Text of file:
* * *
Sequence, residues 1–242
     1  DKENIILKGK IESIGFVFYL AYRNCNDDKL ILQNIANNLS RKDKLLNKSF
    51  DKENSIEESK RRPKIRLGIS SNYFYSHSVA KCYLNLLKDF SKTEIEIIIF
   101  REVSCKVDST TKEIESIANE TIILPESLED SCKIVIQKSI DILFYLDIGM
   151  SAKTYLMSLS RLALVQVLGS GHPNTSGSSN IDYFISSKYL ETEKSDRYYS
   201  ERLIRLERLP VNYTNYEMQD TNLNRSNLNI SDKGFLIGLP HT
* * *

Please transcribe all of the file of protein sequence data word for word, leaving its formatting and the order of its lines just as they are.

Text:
Sequence, residues 1–242
     1  DKENIILKGK IESIGFVFYL AYRNCNDDKL ILQNIANNLS RKDKLLNKSF
    51  DKENSIEESK RRPKIRLGIS SNYFYSHSVA KCYLNLLKDF SKTEIEIIIF
   101  REVSCKVDST TKEIESIANE TIILPESLED SCKIVIQKSI DILFYLDIGM
   151  SAKTYLMSLS RLALVQVLGS GHPNTSGSSN IDYFISSKYL ETEKSDRYYS
   201  ERLIRLERLP VNYTNYEMQD TNLNRSNLNI SDKGFLIGLP HT